AN out- of- control satellite plummeting to Earth at 28,968 KMPH could land almost anywhere on Friday evening, except for the US, NASA has warned.
The craft, which is the size of a bus, will break up on entering Earth’s atmosphere, flinging huge chunks of metal weighing up to 350lb (158 kg) across hundreds of miles.
NASA said it will only know two hours before impact where it will land — and even that prediction will only be accurate to the nearest 6,000 miles. It could be anywhere between the 57th parallel north, which crosses Britain at around Inverness, and the 57th parallel south, which passes just below of South America.
NASA orbital debris scientist Mark Matney said: “We know it is going to hit somewhere between 57 north and 57 south, which covers most of the inhabited world, unfortunately.” However, scientists have ruled out the Upper Atmosphere Research Satellite striking North America. Its orbit has been altered by NASA deliberately to make it crash.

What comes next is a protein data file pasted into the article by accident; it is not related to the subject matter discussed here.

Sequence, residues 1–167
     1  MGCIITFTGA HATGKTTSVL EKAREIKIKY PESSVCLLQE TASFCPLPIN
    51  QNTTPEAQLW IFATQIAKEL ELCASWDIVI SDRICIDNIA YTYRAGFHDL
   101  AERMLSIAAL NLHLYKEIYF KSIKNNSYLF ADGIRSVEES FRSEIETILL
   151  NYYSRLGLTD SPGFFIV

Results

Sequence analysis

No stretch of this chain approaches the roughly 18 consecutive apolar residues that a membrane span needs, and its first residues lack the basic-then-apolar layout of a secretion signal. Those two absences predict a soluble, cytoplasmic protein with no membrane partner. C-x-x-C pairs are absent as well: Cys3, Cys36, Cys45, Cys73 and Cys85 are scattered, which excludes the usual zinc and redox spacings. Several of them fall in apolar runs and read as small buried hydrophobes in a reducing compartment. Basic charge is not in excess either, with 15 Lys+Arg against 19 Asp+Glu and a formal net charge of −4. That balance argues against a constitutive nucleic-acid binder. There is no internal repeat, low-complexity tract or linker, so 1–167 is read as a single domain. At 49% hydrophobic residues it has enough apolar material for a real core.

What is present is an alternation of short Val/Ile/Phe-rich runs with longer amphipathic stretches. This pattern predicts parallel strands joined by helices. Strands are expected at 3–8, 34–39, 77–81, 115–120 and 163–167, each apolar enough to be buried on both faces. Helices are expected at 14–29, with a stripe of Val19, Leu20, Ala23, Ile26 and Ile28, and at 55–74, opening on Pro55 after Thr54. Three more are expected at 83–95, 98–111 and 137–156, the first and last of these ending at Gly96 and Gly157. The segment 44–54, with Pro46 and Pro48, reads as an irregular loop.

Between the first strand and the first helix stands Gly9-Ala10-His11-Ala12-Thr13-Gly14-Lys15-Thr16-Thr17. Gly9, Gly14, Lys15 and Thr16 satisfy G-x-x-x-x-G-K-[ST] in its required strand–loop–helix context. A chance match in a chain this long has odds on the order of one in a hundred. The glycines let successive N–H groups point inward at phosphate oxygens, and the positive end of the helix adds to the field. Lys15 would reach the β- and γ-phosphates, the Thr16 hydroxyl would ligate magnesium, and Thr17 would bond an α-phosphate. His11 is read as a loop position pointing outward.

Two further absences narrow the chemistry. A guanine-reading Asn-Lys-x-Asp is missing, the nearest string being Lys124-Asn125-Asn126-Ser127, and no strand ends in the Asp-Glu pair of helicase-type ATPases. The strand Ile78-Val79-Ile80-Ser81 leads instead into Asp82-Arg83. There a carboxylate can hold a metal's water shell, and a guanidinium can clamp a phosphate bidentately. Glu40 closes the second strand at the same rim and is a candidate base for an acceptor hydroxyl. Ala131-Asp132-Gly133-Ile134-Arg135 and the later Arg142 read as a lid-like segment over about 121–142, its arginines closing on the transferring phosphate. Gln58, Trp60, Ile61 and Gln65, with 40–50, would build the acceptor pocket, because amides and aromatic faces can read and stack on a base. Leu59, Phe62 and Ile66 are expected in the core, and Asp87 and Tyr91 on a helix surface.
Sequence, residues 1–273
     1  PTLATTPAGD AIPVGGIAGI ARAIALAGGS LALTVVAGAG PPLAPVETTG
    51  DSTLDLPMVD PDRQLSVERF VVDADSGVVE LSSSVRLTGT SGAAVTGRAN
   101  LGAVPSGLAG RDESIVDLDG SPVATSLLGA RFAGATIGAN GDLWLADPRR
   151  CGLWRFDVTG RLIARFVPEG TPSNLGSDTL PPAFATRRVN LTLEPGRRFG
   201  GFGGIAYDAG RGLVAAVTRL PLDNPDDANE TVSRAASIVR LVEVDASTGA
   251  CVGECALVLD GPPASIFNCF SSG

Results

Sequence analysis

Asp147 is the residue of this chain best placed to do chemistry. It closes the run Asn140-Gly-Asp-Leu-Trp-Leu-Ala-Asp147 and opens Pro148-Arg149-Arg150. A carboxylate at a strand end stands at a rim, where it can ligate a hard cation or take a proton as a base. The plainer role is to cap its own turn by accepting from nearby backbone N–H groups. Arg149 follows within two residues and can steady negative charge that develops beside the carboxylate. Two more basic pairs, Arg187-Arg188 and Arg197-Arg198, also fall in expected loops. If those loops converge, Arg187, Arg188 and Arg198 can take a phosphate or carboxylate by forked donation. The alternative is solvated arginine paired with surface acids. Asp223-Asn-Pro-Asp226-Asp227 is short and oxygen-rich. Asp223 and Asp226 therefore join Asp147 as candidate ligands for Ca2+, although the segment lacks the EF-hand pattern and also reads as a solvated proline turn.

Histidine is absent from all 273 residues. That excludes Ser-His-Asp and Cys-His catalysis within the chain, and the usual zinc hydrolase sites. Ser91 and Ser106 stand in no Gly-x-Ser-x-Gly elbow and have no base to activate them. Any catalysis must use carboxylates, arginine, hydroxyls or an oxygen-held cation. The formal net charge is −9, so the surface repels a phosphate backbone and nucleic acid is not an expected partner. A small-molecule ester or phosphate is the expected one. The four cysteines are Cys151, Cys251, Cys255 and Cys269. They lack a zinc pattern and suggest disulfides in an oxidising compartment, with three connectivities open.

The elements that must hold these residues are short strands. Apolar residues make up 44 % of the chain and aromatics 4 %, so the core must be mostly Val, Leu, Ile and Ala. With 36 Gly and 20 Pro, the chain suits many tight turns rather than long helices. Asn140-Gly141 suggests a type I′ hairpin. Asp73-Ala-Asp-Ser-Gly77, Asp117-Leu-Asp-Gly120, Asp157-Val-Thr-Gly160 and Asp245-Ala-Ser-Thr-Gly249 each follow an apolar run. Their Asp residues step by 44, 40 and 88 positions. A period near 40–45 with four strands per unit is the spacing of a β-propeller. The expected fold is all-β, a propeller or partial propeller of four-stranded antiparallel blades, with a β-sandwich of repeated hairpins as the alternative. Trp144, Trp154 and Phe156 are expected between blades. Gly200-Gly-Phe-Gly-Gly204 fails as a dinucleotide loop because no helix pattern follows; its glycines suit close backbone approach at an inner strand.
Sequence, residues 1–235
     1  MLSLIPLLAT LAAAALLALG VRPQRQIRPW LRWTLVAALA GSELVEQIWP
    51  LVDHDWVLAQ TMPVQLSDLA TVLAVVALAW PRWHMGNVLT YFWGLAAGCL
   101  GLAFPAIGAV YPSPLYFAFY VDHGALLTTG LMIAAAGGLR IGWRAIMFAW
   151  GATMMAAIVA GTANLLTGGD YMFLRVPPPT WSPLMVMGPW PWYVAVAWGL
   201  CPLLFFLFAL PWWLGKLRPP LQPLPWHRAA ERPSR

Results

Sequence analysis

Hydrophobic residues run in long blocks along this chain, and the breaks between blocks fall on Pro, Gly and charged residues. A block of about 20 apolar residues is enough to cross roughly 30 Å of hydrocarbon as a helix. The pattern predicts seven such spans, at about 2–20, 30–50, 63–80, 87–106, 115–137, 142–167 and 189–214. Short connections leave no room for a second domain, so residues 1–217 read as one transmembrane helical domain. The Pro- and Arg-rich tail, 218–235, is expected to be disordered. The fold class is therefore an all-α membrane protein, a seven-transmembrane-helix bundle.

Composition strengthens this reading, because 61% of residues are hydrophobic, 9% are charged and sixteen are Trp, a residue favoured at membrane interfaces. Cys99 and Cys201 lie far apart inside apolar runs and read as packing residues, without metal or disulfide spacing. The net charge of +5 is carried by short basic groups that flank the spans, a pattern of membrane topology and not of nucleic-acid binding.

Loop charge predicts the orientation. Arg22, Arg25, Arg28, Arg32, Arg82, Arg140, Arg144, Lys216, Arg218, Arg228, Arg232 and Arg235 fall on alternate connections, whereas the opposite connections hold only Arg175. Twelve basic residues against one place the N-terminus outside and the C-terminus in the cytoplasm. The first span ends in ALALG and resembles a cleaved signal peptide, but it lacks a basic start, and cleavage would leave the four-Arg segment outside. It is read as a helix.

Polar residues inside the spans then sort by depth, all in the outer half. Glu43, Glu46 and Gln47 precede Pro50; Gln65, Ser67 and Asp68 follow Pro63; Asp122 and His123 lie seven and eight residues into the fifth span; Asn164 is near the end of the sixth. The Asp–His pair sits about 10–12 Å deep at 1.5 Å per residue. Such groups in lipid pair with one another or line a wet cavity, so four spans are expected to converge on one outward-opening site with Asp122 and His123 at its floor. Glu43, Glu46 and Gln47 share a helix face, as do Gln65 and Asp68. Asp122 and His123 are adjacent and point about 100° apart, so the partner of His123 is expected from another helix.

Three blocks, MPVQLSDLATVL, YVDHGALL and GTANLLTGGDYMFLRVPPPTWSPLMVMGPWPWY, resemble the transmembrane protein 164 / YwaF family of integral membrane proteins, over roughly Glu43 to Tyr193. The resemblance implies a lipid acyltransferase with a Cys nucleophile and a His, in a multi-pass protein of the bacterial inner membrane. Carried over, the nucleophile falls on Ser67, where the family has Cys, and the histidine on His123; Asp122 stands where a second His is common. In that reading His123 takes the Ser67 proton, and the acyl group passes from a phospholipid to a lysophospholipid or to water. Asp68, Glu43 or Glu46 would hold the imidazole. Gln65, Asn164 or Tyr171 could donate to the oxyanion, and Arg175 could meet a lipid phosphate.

It is falling to Earth at five miles per second, faster than previously thought and experts say there is a one in 3,200 chance of someone being hit by the debris — more likely than getting a hole in one during a round of golf. The 35ft NASA craft, which weighs 6.5tonnes, was put into space in 1991 to monitor climate change, and ceased operations in 2005.
News Source: Daily Mail